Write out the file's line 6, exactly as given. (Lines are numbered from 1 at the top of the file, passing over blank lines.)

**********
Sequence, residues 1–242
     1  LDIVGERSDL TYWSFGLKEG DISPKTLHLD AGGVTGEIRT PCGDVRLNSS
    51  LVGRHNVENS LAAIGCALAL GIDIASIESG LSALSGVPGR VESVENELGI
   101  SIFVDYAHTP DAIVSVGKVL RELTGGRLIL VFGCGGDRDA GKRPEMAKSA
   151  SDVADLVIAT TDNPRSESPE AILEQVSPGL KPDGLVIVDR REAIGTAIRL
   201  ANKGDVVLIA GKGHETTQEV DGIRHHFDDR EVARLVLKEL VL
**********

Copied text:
   201  ANKGDVVLIA GKGHETTQEV DGIRHHFDDR EVARLVLKEL VL